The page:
Rearranging Values Without Using Temporary Variables

Rearranging Values Without Using Temporary Variables


You want to rearrange a number of variables, or assign the elements of an array to individual variables.


Use a single assignment statement. Put the destination variables on the left-hand side, and line each one up with a variable (or expression) on the right side.

A simple swap:

	a = 1
	b = 2
	a, b = b, a
	a                                  # => 2
	b                                  # => 1

A more complex rearrangement:

	a, b, c = :red, :green, :blue
	c, a, b = a, b, c
	a                                  # => :green
	b                                  # => :blue
	c                                  # => :red

You can split out an array into its components:

	array = [:red, :green, :blue]
	c, a, b = array
	a                                  # => :green
	b                                  # => :blue
	c                                  # => :red

You can even use the splat operator to extract items from the front of the array:

	a, b, *c = [12, 14, 178, 89, 90]
	a                                   # => 12
	b                                   # => 14
	c                                   # => [178, 89, 90]


Ruby assignment statements are very versatile. When you put a comma-separated list of variables on the left-hand side of an assignment statement, it's equivalent to assigning each variable in the list the corresponding right-hand value. Not only does this make your code more compact and readable, it frees you from having to keep track of temporary variables when you swap variables.

Ruby works behind the scenes to allocate temporary storage space for variables that would otherwise be overwritten, so you don't have to do it yourself. You don't have to write this kind of code in Ruby:

	a, b = 1, 2
	x = a
	a = b
	b = x

The right-hand side of the assignment statement can get almost arbitrarily complicated:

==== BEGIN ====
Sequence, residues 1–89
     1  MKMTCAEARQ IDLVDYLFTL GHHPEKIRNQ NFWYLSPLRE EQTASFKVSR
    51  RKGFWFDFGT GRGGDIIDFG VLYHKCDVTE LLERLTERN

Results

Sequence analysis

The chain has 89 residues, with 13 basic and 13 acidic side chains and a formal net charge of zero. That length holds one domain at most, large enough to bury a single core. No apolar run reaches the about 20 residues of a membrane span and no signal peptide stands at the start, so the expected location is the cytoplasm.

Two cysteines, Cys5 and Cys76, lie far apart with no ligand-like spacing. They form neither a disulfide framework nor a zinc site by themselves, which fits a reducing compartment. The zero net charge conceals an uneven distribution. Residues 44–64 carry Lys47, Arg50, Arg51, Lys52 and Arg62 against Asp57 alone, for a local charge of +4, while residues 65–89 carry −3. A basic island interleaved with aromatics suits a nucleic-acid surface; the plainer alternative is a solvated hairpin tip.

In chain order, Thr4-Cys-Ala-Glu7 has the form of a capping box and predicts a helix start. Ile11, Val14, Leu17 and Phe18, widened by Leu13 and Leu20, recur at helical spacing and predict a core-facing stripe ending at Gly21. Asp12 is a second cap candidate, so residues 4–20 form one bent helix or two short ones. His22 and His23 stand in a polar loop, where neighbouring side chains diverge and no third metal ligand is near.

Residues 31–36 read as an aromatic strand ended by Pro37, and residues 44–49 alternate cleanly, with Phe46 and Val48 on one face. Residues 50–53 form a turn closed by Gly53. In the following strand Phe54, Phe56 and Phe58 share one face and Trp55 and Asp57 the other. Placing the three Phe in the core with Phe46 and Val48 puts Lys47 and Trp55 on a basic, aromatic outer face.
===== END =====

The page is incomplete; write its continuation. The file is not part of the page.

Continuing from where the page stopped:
a, b = 5, 10
	a, b = b/a, a-1                      # => [2, 4]

	a, b, c = 'A', 'B', 'C'
	a, b, c = [a, b], { b => c }, a
	a                                    # => ["A", "B"]
	b                                    # => {"B"=>"C"}
	c                                    # => "A"

If there are more variables on the left side of the equal sign than on the right side, the extra variables on the left side get assigned nil. This is usually an unwanted side effect.

	a, b = 1, 2
	a, b = b
	a                                    # => 2
	b                                    # => nil

One final nugget of code that is interesting enough to mention even though it has no legitimate use in Ruby: it doesn't save enough memory to be useful, and it's slower than doing a swap with an assignment. It's possible to swap two integer variables using bitwise XOR, without using any additional storage space at all (not even implicitly):

	a, b = rand(1000), rand(1000)        # => [595, 742]
	a = a ^ b                            # => 181
	b = b ^ a                            # => 595
	a = a ^ b                            # => 742

	[a, b]                               # => [742, 595]

In terms of the cookbook metaphor, this final snippet is a dessertno nutritional value, but it sure is tasty.

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